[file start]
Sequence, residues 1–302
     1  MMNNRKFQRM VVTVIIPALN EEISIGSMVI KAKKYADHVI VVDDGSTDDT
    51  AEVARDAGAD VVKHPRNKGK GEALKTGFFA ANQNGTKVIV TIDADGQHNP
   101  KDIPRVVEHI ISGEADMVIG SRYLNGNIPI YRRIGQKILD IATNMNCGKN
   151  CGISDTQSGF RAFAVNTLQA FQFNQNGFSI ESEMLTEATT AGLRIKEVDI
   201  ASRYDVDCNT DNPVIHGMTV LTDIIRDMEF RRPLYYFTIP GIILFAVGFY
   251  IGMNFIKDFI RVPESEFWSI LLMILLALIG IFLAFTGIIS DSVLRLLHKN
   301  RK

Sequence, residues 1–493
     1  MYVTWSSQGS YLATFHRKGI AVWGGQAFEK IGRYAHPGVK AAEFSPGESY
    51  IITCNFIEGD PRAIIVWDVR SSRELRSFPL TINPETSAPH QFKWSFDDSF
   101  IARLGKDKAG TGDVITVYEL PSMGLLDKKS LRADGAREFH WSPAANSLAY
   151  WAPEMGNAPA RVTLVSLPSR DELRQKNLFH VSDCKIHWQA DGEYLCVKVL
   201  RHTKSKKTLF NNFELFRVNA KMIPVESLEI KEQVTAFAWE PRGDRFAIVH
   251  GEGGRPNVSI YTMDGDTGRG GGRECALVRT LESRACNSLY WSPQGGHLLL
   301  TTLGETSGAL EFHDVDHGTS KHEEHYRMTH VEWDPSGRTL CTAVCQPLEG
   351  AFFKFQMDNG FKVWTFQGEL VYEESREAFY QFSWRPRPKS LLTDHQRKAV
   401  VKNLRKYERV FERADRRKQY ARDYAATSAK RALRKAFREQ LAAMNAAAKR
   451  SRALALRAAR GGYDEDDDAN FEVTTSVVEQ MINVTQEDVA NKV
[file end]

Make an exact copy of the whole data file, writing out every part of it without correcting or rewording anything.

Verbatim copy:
Sequence, residues 1–302
     1  MMNNRKFQRM VVTVIIPALN EEISIGSMVI KAKKYADHVI VVDDGSTDDT
    51  AEVARDAGAD VVKHPRNKGK GEALKTGFFA ANQNGTKVIV TIDADGQHNP
   101  KDIPRVVEHI ISGEADMVIG SRYLNGNIPI YRRIGQKILD IATNMNCGKN
   151  CGISDTQSGF RAFAVNTLQA FQFNQNGFSI ESEMLTEATT AGLRIKEVDI
   201  ASRYDVDCNT DNPVIHGMTV LTDIIRDMEF RRPLYYFTIP GIILFAVGFY
   251  IGMNFIKDFI RVPESEFWSI LLMILLALIG IFLAFTGIIS DSVLRLLHKN
   301  RK

Sequence, residues 1–493
     1  MYVTWSSQGS YLATFHRKGI AVWGGQAFEK IGRYAHPGVK AAEFSPGESY
    51  IITCNFIEGD PRAIIVWDVR SSRELRSFPL TINPETSAPH QFKWSFDDSF
   101  IARLGKDKAG TGDVITVYEL PSMGLLDKKS LRADGAREFH WSPAANSLAY
   151  WAPEMGNAPA RVTLVSLPSR DELRQKNLFH VSDCKIHWQA DGEYLCVKVL
   201  RHTKSKKTLF NNFELFRVNA KMIPVESLEI KEQVTAFAWE PRGDRFAIVH
   251  GEGGRPNVSI YTMDGDTGRG GGRECALVRT LESRACNSLY WSPQGGHLLL
   301  TTLGETSGAL EFHDVDHGTS KHEEHYRMTH VEWDPSGRTL CTAVCQPLEG
   351  AFFKFQMDNG FKVWTFQGEL VYEESREAFY QFSWRPRPKS LLTDHQRKAV
   401  VKNLRKYERV FERADRRKQY ARDYAATSAK RALRKAFREQ LAAMNAAAKR
   451  SRALALRAAR GGYDEDDDAN FEVTTSVVEQ MINVTQEDVA NKV